Tuesday, March 17, 2020

Better villain = better hero and better story

I know we all have other things on our mind right now, but this is a great article if you'd like a writing-related distraction: 10 Most Thought-Provoking Villain Monologues.

A lousy villain doesn't help your hero. A superior villain elevates your hero, so you need to put as much work into your bad guy as you do your good guy.

This reminds me of the experience years ago when I got to judge some Project Greenlight scripts. Out of the twenty scripts I read and rated, I'd say three were really exceptional. Most were average and unmemorable, and there were a handful that were really awful. One was an Indian burial ground story, a concept that was old and tired even back in the 2000's. One had an evil vampiric force that slaughtered an entire town except for the lead character for no particular reason, at least none that was given in the script. There were a couple of good old fashioned government conspiracy stories that didn't bring anything new to that genre. The absolute worst was a poorly written ripoff of A Christmas Story that threw in an alcoholic stepfather as a comedic device. And no, it wasn't funny. None of the characters in any of these scripts were noteworthy or memorable in any way. I only remember them as crappy scripts, not stories about people that stick in my memory.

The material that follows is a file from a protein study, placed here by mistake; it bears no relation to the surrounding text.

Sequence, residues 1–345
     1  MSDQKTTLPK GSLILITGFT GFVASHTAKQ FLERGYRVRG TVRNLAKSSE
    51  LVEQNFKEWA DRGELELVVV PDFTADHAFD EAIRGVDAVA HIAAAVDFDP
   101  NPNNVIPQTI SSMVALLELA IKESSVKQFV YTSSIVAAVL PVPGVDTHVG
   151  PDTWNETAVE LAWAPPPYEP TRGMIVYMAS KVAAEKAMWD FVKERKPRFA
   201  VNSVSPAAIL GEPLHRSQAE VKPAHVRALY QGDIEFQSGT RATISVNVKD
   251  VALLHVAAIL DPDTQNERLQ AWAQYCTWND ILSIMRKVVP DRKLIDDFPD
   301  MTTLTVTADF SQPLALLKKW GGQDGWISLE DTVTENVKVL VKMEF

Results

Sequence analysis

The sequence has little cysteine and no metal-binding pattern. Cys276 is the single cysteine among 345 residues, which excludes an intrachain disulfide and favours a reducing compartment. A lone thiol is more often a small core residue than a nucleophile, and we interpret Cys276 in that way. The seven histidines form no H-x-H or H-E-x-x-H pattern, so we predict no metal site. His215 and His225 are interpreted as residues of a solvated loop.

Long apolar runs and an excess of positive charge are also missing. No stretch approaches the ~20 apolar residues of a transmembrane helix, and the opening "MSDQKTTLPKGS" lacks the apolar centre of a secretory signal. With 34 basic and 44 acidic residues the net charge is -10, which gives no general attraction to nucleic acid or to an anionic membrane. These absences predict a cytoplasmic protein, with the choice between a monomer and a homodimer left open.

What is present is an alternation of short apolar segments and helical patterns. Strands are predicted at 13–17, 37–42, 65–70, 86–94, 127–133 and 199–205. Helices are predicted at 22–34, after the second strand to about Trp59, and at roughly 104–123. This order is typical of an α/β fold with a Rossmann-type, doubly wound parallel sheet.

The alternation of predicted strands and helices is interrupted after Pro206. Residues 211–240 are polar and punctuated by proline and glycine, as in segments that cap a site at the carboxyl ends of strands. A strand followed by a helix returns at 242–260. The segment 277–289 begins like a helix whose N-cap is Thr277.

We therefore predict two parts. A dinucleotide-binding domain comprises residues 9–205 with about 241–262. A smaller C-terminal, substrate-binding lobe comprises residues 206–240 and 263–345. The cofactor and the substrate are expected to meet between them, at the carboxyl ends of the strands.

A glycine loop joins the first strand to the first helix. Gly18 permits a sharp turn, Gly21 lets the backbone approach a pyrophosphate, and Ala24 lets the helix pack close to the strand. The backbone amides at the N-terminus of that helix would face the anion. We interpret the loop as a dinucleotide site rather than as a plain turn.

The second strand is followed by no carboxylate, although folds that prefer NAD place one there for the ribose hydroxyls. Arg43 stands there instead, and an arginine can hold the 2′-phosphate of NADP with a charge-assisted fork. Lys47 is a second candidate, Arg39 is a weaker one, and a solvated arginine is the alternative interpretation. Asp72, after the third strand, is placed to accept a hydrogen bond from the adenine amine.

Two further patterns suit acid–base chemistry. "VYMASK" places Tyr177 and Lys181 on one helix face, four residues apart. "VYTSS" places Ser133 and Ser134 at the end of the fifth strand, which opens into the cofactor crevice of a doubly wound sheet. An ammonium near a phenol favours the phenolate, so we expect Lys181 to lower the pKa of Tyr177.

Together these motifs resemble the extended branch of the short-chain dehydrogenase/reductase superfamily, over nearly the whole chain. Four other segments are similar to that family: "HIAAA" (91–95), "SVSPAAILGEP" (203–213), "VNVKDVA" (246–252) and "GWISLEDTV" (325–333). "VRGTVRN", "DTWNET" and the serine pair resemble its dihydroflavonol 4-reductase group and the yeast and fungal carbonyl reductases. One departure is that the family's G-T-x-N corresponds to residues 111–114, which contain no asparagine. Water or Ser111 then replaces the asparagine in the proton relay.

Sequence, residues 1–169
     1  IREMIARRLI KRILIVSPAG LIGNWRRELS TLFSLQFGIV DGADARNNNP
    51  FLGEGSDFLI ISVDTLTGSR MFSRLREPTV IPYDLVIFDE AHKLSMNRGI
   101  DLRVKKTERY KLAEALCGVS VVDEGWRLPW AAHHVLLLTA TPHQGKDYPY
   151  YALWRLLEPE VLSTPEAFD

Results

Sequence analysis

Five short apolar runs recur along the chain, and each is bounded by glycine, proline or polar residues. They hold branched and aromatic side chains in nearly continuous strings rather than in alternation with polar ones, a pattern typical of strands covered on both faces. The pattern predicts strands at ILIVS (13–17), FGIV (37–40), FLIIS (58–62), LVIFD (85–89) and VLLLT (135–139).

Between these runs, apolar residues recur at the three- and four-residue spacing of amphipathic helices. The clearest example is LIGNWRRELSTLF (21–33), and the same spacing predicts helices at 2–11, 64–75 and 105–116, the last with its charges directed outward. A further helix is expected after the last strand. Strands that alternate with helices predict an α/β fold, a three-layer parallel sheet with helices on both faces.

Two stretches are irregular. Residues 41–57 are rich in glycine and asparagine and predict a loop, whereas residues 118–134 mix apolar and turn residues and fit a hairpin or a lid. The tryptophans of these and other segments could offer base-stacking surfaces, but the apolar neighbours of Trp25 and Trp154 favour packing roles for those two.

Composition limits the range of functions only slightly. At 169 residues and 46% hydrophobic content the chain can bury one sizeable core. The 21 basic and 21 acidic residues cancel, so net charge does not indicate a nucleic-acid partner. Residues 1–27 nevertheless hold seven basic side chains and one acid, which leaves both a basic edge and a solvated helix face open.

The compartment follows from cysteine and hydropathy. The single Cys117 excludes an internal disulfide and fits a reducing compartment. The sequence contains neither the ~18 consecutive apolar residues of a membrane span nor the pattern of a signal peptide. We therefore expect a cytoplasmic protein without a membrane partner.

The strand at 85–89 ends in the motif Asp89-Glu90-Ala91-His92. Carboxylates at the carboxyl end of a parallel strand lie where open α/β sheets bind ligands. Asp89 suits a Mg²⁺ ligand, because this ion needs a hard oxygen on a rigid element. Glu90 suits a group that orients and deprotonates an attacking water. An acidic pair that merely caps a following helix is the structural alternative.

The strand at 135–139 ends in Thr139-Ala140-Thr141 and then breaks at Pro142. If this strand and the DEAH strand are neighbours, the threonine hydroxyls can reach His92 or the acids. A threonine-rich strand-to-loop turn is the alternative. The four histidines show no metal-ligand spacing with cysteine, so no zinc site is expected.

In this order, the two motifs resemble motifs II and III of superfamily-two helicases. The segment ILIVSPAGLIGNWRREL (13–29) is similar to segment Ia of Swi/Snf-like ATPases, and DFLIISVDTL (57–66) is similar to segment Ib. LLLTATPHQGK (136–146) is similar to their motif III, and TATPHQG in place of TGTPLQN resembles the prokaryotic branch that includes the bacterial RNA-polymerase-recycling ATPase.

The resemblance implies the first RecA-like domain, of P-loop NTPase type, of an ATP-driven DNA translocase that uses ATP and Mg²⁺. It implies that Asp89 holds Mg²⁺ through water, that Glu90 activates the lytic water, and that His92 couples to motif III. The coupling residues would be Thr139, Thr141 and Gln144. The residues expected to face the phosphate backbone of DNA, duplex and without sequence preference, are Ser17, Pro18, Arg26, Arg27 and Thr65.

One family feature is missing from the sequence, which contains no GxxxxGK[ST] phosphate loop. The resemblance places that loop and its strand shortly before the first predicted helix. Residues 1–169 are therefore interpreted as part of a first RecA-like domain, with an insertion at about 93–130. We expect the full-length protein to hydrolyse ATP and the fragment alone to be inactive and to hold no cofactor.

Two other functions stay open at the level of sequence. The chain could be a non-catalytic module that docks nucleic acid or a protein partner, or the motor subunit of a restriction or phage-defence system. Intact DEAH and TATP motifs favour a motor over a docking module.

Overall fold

My point is that it's not enough to write a script. You have to write a story and a story needs interesting, well-developed characters.

One of the best pieces of advice I've seen in regards to writing villains is to keep in mind that they are the heroes of their own story. I think you see a lot of that in this ScreenCraft article. It also drives home the importance of great dialogue. There's just a lot of really terrific info here. Give it a look or bookmark it for future reference. And stay healthy!

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